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Poster C64, Friday, August 17, 10:30 am – 12:15 pm, Room 2000AB

The impact of sample size on the reproducibility of voxel-based lesion-deficit mappings

Diego Lorca-Puls1, Andrea Gajardo-Vidal1, Jitrachote White1, Mohamed Seghier1,2, Alexander Leff1, David Green1, Jenny Crinion1, Philipp Ludersdorfer1, Thomas Hope1, Howard Bowman3,4, Cathy Price1;1University College London, 2Emirates College for Advanced Education, 3University of Kent, 4University of Birmingham

This study investigated how sample size affects the reproducibility of findings from univariate voxel-based lesion-deficit analyses (e.g., voxel-based lesion-symptom mapping and voxel-based morphometry). Our effect of interest was the strength of the mapping between brain damage and speech articulation difficulties, as measured in terms of the proportion of variance explained. First, we identified a region of interest by searching on a voxel-by-voxel basis for brain areas where greater lesion load was associated with poorer speech articulation using a large sample of 360 right-handed English-speaking stroke survivors. We then randomly drew thousands of bootstrap samples from this data set that included either 30, 60, 90, 120, 180, or 360 patients. For each resample, we recorded effect size estimates and p values after conducting exactly the same lesion-deficit analysis within the previously identified region of interest and holding all procedures constant. The results show (i) how often small effect sizes in a heterogeneous population fail to be detected; (ii) how effect size and its statistical significance varies with sample size; (iii) how low-powered studies (due to small sample sizes) can greatly over-estimate as well as under-estimate effect sizes; and (iv) how large sample sizes (N ≥ 120) can yield highly significant p values even when effect sizes are so small that they become trivial in practical terms. Recognised solutions to the issues highlighted here include using: (a) larger sample sizes; (b) multivariate methods; (c) informed sampling strategies; and (d) independent replications.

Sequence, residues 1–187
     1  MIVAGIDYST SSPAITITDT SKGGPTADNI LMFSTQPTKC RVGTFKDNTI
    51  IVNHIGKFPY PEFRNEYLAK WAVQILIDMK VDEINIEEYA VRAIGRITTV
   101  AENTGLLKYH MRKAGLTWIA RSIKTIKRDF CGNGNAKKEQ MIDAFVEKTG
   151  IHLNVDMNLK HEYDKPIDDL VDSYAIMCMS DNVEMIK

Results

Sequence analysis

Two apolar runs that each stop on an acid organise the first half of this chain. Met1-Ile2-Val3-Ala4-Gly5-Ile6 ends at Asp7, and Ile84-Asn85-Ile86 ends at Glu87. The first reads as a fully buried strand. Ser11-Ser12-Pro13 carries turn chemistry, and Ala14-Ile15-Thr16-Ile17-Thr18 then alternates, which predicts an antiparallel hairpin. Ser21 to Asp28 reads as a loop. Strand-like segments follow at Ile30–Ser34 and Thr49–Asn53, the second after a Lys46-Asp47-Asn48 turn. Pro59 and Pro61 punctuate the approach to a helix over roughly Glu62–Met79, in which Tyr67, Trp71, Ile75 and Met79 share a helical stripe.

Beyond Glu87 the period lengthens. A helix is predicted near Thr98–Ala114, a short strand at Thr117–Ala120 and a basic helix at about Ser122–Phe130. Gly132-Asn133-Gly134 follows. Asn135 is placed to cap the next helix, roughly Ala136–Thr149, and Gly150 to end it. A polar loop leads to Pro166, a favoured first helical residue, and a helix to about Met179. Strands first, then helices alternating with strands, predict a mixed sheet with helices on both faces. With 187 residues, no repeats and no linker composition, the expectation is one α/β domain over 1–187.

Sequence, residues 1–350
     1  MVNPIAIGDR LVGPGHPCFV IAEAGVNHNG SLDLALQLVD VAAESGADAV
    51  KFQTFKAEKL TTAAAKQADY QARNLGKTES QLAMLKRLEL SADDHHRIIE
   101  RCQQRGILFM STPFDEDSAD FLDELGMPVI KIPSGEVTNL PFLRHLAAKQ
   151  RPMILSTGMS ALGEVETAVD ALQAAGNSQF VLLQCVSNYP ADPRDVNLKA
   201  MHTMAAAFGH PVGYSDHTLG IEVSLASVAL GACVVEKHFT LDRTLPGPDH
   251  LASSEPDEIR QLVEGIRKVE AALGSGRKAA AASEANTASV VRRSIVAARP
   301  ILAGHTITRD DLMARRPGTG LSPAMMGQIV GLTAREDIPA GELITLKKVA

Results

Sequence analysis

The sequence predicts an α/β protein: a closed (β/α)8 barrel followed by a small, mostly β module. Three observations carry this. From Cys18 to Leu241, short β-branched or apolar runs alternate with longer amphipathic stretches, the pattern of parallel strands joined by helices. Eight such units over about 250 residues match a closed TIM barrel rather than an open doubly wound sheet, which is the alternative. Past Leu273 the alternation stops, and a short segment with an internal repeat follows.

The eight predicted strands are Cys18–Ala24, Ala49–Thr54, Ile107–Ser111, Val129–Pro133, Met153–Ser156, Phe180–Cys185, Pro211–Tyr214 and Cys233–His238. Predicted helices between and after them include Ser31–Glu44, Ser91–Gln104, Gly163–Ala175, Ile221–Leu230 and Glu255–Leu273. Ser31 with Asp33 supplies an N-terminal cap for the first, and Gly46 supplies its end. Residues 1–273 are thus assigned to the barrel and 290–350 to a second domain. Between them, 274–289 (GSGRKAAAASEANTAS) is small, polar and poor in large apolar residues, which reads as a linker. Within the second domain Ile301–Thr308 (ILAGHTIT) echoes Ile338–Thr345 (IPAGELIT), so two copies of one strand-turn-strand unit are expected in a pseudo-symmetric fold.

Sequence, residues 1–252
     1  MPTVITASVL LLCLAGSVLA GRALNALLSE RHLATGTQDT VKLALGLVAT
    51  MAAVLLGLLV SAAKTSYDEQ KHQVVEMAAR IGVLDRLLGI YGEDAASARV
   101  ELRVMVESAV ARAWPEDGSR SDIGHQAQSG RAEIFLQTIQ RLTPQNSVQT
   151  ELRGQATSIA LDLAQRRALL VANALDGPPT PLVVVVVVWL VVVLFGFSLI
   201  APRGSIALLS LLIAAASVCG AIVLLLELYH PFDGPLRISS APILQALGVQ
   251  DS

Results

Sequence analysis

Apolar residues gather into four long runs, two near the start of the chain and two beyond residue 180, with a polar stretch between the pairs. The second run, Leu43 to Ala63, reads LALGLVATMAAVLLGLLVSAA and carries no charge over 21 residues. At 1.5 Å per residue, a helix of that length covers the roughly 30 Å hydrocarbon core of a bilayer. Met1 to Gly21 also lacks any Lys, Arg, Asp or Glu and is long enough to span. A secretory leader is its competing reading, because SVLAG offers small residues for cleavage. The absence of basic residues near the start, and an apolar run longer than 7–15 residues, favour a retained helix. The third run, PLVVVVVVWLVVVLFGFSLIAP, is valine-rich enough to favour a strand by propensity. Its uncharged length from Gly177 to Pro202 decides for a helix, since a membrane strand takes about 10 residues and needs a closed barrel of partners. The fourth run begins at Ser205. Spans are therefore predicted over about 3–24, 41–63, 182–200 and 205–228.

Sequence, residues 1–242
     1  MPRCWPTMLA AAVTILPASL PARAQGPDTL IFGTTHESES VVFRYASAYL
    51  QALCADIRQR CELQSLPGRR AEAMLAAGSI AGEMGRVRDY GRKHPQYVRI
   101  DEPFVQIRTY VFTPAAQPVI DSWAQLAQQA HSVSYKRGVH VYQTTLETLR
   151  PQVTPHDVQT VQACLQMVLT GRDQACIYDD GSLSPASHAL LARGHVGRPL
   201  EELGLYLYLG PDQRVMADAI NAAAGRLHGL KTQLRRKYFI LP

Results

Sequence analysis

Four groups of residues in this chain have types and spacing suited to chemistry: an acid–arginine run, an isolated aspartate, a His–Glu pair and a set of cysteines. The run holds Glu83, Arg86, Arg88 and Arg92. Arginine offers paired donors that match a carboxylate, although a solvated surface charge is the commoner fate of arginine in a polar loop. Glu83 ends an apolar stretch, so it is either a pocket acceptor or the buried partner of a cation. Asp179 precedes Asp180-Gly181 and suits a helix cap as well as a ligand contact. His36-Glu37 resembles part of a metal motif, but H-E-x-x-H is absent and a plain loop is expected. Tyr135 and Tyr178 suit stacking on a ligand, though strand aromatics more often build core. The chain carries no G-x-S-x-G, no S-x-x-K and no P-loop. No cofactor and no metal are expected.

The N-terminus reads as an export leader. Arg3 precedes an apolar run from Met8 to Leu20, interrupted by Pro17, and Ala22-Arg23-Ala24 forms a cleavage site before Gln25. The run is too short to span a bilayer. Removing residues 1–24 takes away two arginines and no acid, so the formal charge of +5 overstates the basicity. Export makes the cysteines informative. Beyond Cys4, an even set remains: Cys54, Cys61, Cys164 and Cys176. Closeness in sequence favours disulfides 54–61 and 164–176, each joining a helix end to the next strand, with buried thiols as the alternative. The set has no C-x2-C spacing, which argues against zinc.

Topic Area: Methods

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